The Power of Habit

The Habits of Individuals

The brain converts a sequence of actions into an automatic routine through a process called “chunking.” It does this, in part, to save energy.

Left to its own devices, the brain will try to make almost any routine into a habit, because habits allow our minds to ramp down more often.

But ramping down thought can carry risks. What if the brain’s autopilot misses a key indicator (e.g. the presence of a predator)? To balance this the brain front-loads a large amount of effort to look for a cue as to what pattern (if any) to rely on. Much of this happens without our conscious thought.

So unless you deliberately fight a habit—unless you find new routines—the pattern will unfold automatically.

We can end up developing habits without an awareness of the conditions or cues that led us to them. And yet minor adjustments to an environment or cue can break even long-standing habits. The challenge is more one of awareness than one of effort.

Claude Hopkins, an early advertising pioneer, landed on two rules that guide human psychology:

  1. Find a simple and obvious cue.
  2. Clearly define the rewards.

That alone can drive adoption. And once a routine is adopted we start to build a craving for the reward. To really change our habits, then, requires us to gain awareness of our cravings and the rewards we’re anticipating.

Champions don’t do extraordinary things. They do ordinary things, but they do them without thinking, too fast for the other team to react.

Tony Dungy

To change a habit we have to keep the old cue and old reward but change the routine. Because once grounded our old habits are near impossible to eradicate; its far better to focus on shifting or replacing them. Once we’re aware of how our habits work and what cues drive us we’re a large part of the way toward changing them.

Replacement habits only become durable, though, when they’re accompanied by a strong belief and community. Otherwise they will often fall apart at times of peak stress. It’s communities that make change believable.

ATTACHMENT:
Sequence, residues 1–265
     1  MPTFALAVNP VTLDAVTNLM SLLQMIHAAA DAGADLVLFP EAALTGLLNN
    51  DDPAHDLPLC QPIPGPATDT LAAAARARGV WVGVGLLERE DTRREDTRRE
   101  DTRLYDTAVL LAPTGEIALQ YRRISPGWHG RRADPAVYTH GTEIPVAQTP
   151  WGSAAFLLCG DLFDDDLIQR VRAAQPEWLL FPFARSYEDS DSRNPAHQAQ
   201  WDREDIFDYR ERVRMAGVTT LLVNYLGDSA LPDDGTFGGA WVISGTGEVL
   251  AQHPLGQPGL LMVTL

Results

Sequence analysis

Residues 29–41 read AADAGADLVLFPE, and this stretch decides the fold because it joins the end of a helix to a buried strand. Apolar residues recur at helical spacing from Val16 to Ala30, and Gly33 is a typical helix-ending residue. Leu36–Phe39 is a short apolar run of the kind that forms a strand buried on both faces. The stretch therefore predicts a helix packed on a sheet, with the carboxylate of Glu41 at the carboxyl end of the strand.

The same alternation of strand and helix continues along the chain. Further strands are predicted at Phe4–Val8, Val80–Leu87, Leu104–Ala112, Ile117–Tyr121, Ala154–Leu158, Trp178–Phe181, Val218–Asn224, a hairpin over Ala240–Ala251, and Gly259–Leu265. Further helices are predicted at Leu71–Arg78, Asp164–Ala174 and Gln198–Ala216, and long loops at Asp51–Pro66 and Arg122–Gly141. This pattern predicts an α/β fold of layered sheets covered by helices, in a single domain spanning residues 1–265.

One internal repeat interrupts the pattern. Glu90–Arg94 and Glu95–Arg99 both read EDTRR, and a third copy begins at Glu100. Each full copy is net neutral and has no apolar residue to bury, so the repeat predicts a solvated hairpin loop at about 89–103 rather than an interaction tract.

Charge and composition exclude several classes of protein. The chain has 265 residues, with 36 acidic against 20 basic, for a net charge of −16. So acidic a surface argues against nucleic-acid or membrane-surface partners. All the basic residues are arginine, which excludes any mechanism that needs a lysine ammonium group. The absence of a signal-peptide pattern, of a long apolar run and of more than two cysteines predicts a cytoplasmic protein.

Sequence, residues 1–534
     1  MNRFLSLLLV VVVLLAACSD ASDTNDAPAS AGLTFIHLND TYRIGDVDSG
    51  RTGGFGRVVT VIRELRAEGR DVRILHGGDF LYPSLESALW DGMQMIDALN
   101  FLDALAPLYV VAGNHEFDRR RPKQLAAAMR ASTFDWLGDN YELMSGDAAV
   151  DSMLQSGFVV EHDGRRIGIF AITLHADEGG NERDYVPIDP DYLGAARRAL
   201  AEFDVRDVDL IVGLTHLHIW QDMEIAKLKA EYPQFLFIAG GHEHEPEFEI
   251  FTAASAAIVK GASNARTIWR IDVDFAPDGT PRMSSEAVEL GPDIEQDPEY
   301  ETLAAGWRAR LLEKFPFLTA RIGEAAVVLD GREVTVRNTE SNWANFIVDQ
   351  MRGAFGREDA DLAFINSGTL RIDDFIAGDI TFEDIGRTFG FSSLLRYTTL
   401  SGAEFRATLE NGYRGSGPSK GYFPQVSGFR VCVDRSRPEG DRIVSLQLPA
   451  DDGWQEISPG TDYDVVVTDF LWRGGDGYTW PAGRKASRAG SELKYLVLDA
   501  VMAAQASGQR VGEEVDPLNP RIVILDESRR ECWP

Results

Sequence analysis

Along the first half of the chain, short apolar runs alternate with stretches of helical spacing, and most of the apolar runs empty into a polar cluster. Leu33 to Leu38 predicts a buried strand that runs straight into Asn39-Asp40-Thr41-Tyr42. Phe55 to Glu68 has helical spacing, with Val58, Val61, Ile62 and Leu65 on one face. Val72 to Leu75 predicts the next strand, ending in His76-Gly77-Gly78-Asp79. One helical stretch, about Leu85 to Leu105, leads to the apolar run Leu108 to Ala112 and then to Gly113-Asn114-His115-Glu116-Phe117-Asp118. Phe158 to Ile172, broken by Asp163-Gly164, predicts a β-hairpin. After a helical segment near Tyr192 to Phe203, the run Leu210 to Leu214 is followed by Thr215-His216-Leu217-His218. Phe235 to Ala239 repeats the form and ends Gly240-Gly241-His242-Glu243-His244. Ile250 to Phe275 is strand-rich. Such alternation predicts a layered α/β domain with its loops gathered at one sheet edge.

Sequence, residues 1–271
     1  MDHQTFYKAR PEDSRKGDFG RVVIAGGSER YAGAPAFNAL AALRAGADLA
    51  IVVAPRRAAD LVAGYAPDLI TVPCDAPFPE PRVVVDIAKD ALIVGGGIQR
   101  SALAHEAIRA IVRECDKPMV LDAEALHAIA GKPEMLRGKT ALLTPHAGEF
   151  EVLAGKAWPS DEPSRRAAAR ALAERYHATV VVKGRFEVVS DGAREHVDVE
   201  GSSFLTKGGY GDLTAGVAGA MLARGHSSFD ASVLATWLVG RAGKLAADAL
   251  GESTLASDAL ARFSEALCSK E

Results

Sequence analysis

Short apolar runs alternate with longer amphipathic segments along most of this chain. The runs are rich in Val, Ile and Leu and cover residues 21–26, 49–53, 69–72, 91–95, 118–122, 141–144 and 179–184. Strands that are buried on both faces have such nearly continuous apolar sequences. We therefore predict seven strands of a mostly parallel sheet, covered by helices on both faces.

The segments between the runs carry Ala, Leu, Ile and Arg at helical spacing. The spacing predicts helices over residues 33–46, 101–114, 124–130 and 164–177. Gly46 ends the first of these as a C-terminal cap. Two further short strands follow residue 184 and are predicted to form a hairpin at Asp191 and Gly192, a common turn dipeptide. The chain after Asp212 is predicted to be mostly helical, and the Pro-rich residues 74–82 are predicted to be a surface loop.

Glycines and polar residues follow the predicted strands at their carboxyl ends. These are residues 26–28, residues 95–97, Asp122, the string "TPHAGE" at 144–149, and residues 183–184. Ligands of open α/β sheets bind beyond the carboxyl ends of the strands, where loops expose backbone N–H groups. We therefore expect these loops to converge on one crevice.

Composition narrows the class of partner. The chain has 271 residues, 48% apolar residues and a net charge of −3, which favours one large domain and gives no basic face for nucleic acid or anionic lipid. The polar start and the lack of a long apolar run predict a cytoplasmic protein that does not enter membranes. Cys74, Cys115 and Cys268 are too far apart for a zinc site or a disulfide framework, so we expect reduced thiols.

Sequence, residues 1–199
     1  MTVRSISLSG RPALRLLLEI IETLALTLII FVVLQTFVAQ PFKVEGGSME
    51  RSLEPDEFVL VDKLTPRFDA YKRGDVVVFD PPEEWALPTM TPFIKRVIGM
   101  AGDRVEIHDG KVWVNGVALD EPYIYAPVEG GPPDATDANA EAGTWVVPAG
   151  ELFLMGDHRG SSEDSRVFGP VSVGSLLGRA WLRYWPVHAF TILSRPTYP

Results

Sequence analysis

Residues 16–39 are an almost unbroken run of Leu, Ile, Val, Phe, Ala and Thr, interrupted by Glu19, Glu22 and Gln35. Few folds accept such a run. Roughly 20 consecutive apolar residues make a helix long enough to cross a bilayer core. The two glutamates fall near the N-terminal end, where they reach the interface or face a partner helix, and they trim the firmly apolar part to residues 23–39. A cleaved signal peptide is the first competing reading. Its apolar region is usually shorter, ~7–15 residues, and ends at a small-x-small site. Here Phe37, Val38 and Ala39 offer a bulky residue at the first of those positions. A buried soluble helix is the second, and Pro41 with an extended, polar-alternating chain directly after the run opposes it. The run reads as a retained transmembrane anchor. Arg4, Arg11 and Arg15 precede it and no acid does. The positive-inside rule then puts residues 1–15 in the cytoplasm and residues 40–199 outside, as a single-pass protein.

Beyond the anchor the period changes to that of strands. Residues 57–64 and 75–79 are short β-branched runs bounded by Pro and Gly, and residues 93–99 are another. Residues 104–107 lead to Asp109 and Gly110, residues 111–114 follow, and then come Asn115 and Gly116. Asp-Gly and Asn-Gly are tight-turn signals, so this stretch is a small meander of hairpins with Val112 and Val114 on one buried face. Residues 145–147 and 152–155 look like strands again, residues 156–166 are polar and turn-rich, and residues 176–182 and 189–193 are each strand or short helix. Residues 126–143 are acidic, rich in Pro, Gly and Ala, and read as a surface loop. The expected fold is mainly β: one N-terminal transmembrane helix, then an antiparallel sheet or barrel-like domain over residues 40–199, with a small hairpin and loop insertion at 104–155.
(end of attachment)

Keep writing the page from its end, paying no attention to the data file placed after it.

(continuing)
When people join groups where change seems possible, the potential for that change to occur becomes more real.

The Habits of Successful Organizations

Key to changing overall systems is the idea of a keystone habit; these matter most.

The habits that matter most are the ones that, when they start to shift, dislodge and remake other patterns.

These keystone habits offer small wins, but are difficult to detect. Small wins, though, take a small advantage and build it into a pattern that enables larger gains.

More common is the circumstance where small wins are scattered…like miniature experiments that test implicit theories about resistance and opportunity and uncover both resources and barriers that were invisible before the situation was stirred up.

Karl Weick

Keystone habits encourage change by creating structures that help other habits flourish. They also help to create a culture where new values become ingrained.

Duhigg argues that willpower is the single most important keystone habit to unlocking individual change. Research during the 1980s viewed willpower as a learnable skill. That view has evolved over time:

Willpower isn’t just a skill. It’s a muscle, like the muscles in your arms or legs, and it gets tired as it works harder, so there’s less power left over for other things.

Mark Muraven

Once willpower becomes stronger it can influence everything. One of the best ways to train it is to practice in advance for the rough patches. Write out plans for how to handle a difficult situation, create a strategy for managing pain after surgery, make things more straightforward for your future self.

There are no organizations without institutional habits. There are only places where they are deliberately designed, and places where they are created without forethought, so they often grow from rivalries or fear.

These organizational habits lead to decisions often being made on past routine, not on deliberation. They’re necessary for a large group to function, though. They can also be deeply rooted and resistant to change.

A crisis can often present an opportune time to change routines. Past organizational habits become malleable and previous objections drop in the face of crisis. There’s even sometimes value in prolonging the feeling of a crisis in order to more deeply reset things.

The Habits of Societies

Duhigg cites three conditions as prerequisite for a social movement:

  • The social habits of friendship (movement formation).
  • The habits of a community (movement growth).
  • The endowing by leaders of new habits that create a fresh sense of identity (movement endurance).

To modify a habit, you must decide to change it.